Pathogenic triad in COPD: oxidative stress, protease-antiprotease imbalance, and inflammation.

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2011

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Abstract

Patients with chronic obstructive pulmonary disease (COPD) exhibit dominant features of chronic bronchitis, emphysema, and/or asthma, with a common phenotype of airflow obstruction. COPD pulmonary physiology reflects the sum of pathological changes in COPD, which can occur in large central airways, small peripheral airways, and the lung parenchyma. Quantitative or high-resolution computed tomography is used as a surrogate measure for assessment of disease progression. Different biological or molecular markers have been reported that reflect the mechanistic or pathogenic triad of inflammation, proteases, and oxidants and correspond to the different aspects of COPD histopathology. Similar to the pathogenic triad markers, genetic variations or polymorphisms have also been linked to COPD-associated inflammation, protease-antiprotease imbalance, and oxidative stress. Furthermore, in recent years, there have been reports identifying aging-associated mechanistic markers as downstream consequences of the pathogenic triad in the lungs from COPD patients. For this review, the authors have limited their discussion to a review of mechanistic markers and genetic variations and their association with COPD histopathology and disease status.

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10.2147/COPD.S10770

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Fischer, Bernard M, Elizabeth Pavlisko and Judith A Voynow (2011). Pathogenic triad in COPD: oxidative stress, protease-antiprotease imbalance, and inflammation. Int J Chron Obstruct Pulmon Dis, 6. pp. 413–421. 10.2147/COPD.S10770 Retrieved from https://hdl.handle.net/10161/13743.

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Scholars@Duke

Pavlisko

Elizabeth N Pavlisko

Associate Professor of Pathology

Dr. Pavlisko holds an undergraduate degree in Biochemistry from Clemson University and received her Doctor of Medicine from the Medical University of South Carolina. She completed her residency and is board certified in both Anatomic and Clinical Pathology. She trained as a pulmonary/thoracic pathology fellow at Duke University Medical Center under the mentorship of Drs. Victor Roggli and Thomas Sporn, two of the world’s leading Pulmonary Pathologist with expertise in pneumoconiosis and mesothelioma. She joined the faculty at Duke in 2011 as an Assistant Professor of Pathology, and her work is focused in thoracic, cardiovascular and transplant pathology as well as postmortem examination. Since starting her independent position, Dr. Pavlisko has developed expertise in neoplastic and non-neoplastic diseases of the lung and mediastinum with a special interest in lung transplantation and diseases of the pleura for which she is widely recognized as an authority. She currently serves as Chief of the Pulmonary/Thoracic Pathology Section.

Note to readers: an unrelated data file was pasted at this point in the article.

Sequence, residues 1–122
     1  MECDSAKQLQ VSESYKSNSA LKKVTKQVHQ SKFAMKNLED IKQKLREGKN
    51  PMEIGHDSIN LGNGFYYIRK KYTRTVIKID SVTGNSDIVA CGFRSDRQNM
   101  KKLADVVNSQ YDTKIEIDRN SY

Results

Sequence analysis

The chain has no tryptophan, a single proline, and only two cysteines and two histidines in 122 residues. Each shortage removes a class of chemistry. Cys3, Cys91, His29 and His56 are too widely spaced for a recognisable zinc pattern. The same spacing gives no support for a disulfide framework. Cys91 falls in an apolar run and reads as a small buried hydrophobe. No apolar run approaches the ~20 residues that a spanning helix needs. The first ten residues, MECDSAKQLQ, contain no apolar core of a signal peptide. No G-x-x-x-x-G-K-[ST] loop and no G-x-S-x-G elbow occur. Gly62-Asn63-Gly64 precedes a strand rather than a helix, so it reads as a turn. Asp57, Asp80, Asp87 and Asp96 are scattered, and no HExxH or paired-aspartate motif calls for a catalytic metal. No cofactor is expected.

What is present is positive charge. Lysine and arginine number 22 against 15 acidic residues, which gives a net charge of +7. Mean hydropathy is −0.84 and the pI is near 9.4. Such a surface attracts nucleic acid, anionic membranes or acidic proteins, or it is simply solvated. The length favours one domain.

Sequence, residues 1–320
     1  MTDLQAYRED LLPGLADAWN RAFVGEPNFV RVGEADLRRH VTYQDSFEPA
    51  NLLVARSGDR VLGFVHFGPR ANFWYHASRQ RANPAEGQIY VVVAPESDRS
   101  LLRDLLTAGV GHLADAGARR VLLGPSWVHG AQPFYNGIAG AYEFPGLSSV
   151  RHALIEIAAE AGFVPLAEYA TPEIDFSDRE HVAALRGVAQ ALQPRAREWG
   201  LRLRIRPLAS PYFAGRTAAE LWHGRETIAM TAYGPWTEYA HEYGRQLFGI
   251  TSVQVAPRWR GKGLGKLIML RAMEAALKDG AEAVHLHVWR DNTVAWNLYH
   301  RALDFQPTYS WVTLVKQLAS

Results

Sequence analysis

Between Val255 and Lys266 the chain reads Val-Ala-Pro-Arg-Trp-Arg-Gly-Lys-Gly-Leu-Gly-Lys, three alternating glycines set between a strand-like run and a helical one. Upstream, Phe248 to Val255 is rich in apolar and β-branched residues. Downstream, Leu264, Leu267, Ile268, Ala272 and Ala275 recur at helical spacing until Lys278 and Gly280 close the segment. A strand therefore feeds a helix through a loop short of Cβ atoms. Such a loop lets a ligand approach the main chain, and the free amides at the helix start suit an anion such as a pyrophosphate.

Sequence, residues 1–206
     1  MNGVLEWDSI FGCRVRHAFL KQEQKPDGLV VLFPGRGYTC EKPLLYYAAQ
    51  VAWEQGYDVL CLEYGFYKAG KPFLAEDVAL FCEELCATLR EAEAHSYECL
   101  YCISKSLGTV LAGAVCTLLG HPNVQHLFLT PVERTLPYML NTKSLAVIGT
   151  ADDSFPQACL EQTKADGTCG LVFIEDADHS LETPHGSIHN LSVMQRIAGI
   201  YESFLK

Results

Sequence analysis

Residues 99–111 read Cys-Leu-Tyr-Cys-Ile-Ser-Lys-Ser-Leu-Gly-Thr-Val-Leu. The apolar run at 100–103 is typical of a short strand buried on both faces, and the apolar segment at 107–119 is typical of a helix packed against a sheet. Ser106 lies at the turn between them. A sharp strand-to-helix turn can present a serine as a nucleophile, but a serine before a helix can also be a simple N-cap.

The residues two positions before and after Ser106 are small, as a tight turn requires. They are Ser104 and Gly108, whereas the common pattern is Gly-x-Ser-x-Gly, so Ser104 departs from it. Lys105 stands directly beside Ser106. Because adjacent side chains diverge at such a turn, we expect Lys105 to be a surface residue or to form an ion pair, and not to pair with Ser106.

Dr. Pavlisko’s clinical activities encompass pulmonary/thoracic and cardiovascular pathology, including transplantation, biomarker testing and autopsy pathology. Her primary research focus has centered on malignant mesothelioma and chronic lung allograft dysfunction (CLAD). She has published over 65 manuscripts and has 6 book chapters, the latter all centered on occupational diseases of the lungs and pleura. Since 2017, Dr. Pavlisko has co-chaired the lung steering committee for the Banff Foundation for Allograft Pathology. She is also an active member of the International Society for Heart and Lung Transplantation. Dr. Pavlisko has collaborations with the Departments of Pulmonary, Allergy and Critical Care Medicine and Cardiothoracic Surgery.

In addition to her clinical and research activities, Dr. Pavlisko is active in Duke University Hospital’s Clinical Laboratories and currently serves as the Medical Director of the Division of Anatomic Pathology and Digital Analytics (DAPDA) Laboratory, which includes Histology, Immunohistochemistry, FISH, and Image Analysis.


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